16 March 2011

ON MY WAY HOME - MUSINGS ON ASIA

EVA Airport Lounge, Bangkok Airport: I considered slugging this "Thailand" as well, but since I've already checked out through immigration, I don't suppose I'm still in Thailand. I'm in that netherworld of airports and no man's lands between border checks.

I learned a few new things while I've been here, but mostly I've had a lot of old ones reinforced. Here's a selection:

Buddhism, like any other religion, is a whole lot of different things to different people. Like most religions, everyone tries to claim it's really a philosophy, some concepts, some ways of living one's life and "not really a religion." Bullshit! The vast majority of the people who practice it, practice it and relate to it no differently than adherents of any other religion do to theirs. Buddhists often say things like, "I hope Buddha protects me." "I prayed to Buddha to make more money." "Thanks to Buddha for..." "Buddha is challenging me by..." etc. And Buddhists do a whole lot of different things. Thai and Tibetan Buddhists happily eat meat. Balinese Buddhists sacrifice animals - including puppies. Buddhists are as dismissive of women, or use their religion to suppress women, as much as any other religion. Buddhists all over the place pass the collection plate and rake in plenty of cash and get involved in all sorts of interesting scandals - financial, sexual, political, you name it. Sure, Buddhism, like pretty much any other religion, has some good, useful precepts. But in its actual practice it is as venal, corrupt, corrosive and generally offensive as I find any and all other religions.

Women are horribly exploited and oppressed in most countries, sure, but it's also not quite so simple. According to an international survey released on Women's Day this year, about five percent of North American companies have women CEOs. In EU companies, the figure is about nine percent. Guess what country has the highest percentage of women CEOs of any in the world? That would be Thailand, with about 30 percent. China comes in second at about 19 percent. Still, hundreds of thousands, maybe millions, of Thai women are forced into prostitution by economic, social and cultural circumstances. And Thai society doesn't seem much bothered by that. But at the same time Thailand is very much a matriarchal society in which women generally hold the purse-strings and run the households. Go figure.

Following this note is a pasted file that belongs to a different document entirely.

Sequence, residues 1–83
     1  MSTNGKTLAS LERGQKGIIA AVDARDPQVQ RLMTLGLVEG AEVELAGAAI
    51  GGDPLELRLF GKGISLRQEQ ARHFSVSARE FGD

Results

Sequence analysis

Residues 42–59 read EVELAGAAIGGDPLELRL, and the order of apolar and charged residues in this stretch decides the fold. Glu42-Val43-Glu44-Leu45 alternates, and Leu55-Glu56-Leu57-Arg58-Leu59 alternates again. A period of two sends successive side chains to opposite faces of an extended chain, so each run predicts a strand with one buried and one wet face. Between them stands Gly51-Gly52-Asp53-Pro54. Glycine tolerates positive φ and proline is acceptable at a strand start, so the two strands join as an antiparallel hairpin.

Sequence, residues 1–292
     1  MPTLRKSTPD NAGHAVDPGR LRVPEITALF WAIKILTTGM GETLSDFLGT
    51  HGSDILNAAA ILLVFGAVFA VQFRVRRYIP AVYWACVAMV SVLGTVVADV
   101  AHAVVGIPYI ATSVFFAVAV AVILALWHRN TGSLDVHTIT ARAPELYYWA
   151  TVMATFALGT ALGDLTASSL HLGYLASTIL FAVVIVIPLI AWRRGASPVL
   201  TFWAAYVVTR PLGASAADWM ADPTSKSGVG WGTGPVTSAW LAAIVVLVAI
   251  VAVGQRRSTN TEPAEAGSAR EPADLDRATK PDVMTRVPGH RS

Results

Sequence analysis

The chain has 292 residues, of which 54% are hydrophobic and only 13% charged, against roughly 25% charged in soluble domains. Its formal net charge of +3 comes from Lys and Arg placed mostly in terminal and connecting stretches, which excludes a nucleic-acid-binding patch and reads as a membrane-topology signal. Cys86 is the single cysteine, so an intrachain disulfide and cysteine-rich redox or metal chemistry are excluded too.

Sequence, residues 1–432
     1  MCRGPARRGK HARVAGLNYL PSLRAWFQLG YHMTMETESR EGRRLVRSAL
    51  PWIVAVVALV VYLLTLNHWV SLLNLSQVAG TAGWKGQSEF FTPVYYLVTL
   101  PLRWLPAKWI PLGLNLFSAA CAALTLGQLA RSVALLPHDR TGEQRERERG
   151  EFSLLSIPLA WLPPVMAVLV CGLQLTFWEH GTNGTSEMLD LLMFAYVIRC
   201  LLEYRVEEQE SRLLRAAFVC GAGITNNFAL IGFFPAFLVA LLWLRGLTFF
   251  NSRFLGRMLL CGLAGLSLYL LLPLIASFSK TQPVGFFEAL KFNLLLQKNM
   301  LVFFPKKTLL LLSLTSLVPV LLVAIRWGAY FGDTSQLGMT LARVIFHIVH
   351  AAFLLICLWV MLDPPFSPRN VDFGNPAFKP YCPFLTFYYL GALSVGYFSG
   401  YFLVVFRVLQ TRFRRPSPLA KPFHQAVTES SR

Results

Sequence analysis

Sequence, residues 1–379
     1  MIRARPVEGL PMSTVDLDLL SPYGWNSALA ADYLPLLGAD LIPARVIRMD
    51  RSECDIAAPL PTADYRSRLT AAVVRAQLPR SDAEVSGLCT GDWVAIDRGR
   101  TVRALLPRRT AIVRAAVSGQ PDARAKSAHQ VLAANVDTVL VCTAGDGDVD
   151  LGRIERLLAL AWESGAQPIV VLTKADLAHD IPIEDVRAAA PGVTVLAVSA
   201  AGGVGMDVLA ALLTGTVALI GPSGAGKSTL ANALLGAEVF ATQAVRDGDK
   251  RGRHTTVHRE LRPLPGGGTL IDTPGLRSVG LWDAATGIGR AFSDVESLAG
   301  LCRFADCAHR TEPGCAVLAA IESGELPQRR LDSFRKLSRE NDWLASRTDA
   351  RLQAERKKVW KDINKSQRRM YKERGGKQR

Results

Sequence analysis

Indonesia has the world's largest Muslim population and they are trying their damndest to love us (Americans) even though we don't make it easy. Electing Obama, who spent part of his childhood there, was a big help - Indonesians take great pride in that. Our invasion of Iraq, however, our conduct of the war in Afghanistan, the demonization and suspicion in our media of Muslims, our support for oil-rich brutal oppressive dictatorships (in part because we think they'll help us hold back the terrorists) all make making friends with Indonesia a whole lot harder than it should be. And we really could very much use a good, largely Islamic, friend in the world.

Architecture - well, just scroll down to the blog about that and you'll see what I'm saying.

Whining and casting blame is something that we Americans have become expert at. People in Asia don't have time or patience for it. It just gets in the way of getting their jobs done, developing their countries, feeding their families, making their lives better. It is the one thing that they understand the least of about us Americans (what have you got to really complain about?) and the thing they like the least. I'm with them.

Counterculture - a good, solid core of wacky, creative, disruptive outsiders who can hold their societies up for examination, introspection, even ridicule are the one thing that most Asian countries seem to lack, and sorely need. It won't be easy to develop that - these are societies that put a premium on harmony and social cohesion and greatly discount individualism. So far that dedication to purpose and the greater common good has served them in good stead. And there is certainly no good reason to toss it all out. But beyond a certain point, if a society, an economy, a body politic is to continue to develop, and not simply plateau, it needs its nut jobs, its crazies, its wild eyed visionaries who sometimes make people uncomfortable. There are some of them around the region who are making themselves known, and there are some of them who are being brutally held down in places like China and Singapore and Malaysia and Vietnam - not to even mention Burma and North Korea. But there aren't enough of them, not yet, and I have no idea how a country provides for their development.

Those are just a few thoughts that have come to mind.

1 comment:

Bill H said...

Once again, sorry to miss you, Eric. Had a whisky with Dean Barrett, Jerry Hopkins, Colin P.